Advanced Search
MyIDEAS: Login

How Soon? How Fast? Interest Rates and Other Monetary Policy Decisions in 2010

Contents:

Author Info

  • Michael Parkin

    (University of Western Ontario)

Abstract

With the economic recovery taking hold and the Bank of Canada’s conditional commitment to keep the overnight rate at 0.25 percent expiring soon, a number of questions about the conduct of monetary policy need to be considered. The author argues the Bank should keep its conditional commitment, but should thereafter raise the overnight rate sharply by 50 basis points at every announcement date until mid-2011. In addition, the Bank should publish conditional statements about the future path of the policy rate to help shape market expectations and avoid surprises that disrupt financial markets, output, and employment. Further, the Bank should withdraw its injection of excess reserves at a future preannounced date and should gradually wind down credit easing measures.

Download Info

If you experience problems downloading a file, check if you have the proper application to view it first. In case of further problems read the IDEAS help page. Note that these files are not on the IDEAS site. Please be patient as the files may be large.
File URL: http://www.cdhowe.org/pdf/ebrief_92.pdf
Download Restriction: no

Bibliographic Info

Paper provided by C.D. Howe Institute in its series e-briefs with number 92.

as in new window
Length: 8 pages
Date of creation: Feb 2010
Date of revision:
Publication status: Published on the C.D. Howe Institute website, February 2010
Handle: RePEc:cdh:ebrief:92

Contact details of provider:
Postal: 67 Yonge St., Suite 300, Toronto, Ontario M5E 1J8
Phone: (416) 865-1904
Fax: (416) 865-1866
Email:
Web page: http://www.cdhowe.org
More information through EDIRC

Related research

Keywords: Monetary Policy; Bank of Canada; overnight interest rate;

Find related papers by JEL classification:

This paper has been announced in the following NEP Reports:

References

No references listed on IDEAS
You can help add them by filling out this form.

Citations

Citations are extracted by the CitEc Project, subscribe to its RSS feed for this item.
as in new window

Cited by:
  1. Robert Knox, 2010. "Who Can Work Where: Reducing Barriers to Labour Mobility in Canada," C.D. Howe Institute Backgrounder, C.D. Howe Institute, issue 131, June.
  2. William B.P. Robson & Colin Busby, 2010. "Freeing up Food: The Ongoing Cost, and Potential Reform, of Supply Management," C.D. Howe Institute Backgrounder, C.D. Howe Institute, issue 128, April.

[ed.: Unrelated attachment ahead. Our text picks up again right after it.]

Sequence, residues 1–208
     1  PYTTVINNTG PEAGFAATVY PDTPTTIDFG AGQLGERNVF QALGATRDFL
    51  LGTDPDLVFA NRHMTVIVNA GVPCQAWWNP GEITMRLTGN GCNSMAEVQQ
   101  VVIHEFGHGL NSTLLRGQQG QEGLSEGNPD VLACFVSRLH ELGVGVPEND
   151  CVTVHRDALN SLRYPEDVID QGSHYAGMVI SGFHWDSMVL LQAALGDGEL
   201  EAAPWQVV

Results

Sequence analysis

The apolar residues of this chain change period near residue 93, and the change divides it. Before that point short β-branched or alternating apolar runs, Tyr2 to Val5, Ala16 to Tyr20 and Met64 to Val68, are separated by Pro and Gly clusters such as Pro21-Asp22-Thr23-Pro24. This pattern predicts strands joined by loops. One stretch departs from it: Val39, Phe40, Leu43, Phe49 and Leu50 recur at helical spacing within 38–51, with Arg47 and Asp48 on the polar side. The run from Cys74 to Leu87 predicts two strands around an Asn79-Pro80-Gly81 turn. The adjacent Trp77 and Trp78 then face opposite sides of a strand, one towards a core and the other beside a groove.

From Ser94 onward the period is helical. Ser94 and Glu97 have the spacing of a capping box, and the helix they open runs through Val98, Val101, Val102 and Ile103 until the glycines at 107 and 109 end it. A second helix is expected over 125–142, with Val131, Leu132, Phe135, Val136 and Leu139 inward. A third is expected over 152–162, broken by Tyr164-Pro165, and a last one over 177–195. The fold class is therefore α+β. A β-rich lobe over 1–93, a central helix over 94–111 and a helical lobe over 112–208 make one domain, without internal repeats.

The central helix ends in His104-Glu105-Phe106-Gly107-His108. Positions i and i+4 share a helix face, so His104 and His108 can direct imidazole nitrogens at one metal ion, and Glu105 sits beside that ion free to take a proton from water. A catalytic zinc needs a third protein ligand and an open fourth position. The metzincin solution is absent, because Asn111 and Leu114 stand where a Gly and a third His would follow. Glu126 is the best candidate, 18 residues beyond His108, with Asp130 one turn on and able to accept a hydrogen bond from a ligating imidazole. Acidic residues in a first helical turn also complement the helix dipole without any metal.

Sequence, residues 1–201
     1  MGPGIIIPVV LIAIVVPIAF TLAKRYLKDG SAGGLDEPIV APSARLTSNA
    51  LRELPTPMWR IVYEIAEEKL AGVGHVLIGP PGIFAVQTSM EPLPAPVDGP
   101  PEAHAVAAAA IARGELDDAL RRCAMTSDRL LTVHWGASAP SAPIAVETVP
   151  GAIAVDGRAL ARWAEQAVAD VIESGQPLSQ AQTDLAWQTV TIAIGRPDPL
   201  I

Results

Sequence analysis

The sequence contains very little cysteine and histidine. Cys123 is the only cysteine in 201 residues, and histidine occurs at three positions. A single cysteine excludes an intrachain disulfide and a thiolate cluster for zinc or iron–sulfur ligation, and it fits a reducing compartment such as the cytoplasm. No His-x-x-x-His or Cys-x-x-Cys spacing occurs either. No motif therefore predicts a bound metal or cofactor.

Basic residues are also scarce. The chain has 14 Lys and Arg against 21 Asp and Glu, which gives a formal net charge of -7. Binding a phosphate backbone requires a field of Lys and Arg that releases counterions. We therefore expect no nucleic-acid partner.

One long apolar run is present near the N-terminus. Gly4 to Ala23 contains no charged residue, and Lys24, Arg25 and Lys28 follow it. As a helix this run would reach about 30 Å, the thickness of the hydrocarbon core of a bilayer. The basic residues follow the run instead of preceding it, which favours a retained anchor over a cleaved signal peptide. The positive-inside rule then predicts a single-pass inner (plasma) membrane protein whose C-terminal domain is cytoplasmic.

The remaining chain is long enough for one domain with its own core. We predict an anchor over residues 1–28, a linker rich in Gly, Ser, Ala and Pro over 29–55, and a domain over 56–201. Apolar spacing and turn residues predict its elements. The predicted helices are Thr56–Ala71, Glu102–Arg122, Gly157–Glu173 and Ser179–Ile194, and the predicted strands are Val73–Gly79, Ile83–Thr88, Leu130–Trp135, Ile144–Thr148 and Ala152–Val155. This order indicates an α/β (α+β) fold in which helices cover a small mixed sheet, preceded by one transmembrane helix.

3. Benjamin Dachis & Robert Hebdon, 2010. "The Laws of Unintended Consequence: The Effect of Labour Legislation on Wages and Strikes," C.D. Howe Institute Commentary, C.D. Howe Institute, issue 304, June.
  4. John Richards, 2010. "Reducing Lone-Parent Poverty: A Canadian Success Story," C.D. Howe Institute Commentary, C.D. Howe Institute, issue 305, June.
  5. Philippe Bergevin, 2010. "Addicted to Ratings: The Case for Reducing Governments’ Reliance on Credit Ratings," C.D. Howe Institute Backgrounder, C.D. Howe Institute, issue 130, May.
  6. Henning Bjornlund, 2010. "The Competition for Water: Striking a Balance among Social, Environmental, and Economic Needs," C.D. Howe Institute Commentary, C.D. Howe Institute, issue 302, April.
  7. Colin Busby & William B.P. Robson, 2010. "Target Practice Needed: Canada’s 2010 Fiscal Accountability Rankings," C.D. Howe Institute Backgrounder, C.D. Howe Institute, issue 129, May.
  8. Martin Cave & Adrian Foster, 2010. "Solving Spectrum Gridlock: Reforms to Liberalize Radio Spectrum Management in Canada in the Face of Growing Scarcity," C.D. Howe Institute Commentary, C.D. Howe Institute, issue 303, May.

Lists

This item is not listed on Wikipedia, on a reading list or among the top items on IDEAS.

Statistics

Access and download statistics

Corrections

When requesting a correction, please mention this item's handle: RePEc:cdh:ebrief:92. See general information about how to correct material in RePEc.

For technical questions regarding this item, or to correct its authors, title, abstract, bibliographic or download information, contact: (Kristine Gray).

If you have authored this item and are not yet registered with RePEc, we encourage you to do it here. This allows to link your profile to this item. It also allows you to accept potential citations to this item that we are uncertain about.

If references are entirely missing, you can add them using this form.

If the full references list an item that is present in RePEc, but the system did not link to it, you can help with this form.

If you know of missing items citing this one, you can help us creating those links by adding the relevant references in the same way as above, for each refering item. If you are a registered author of this item, you may also want to check the "citations" tab in your profile, as there may be some citations waiting for confirmation.

Please note that corrections may take a couple of weeks to filter through the various RePEc services.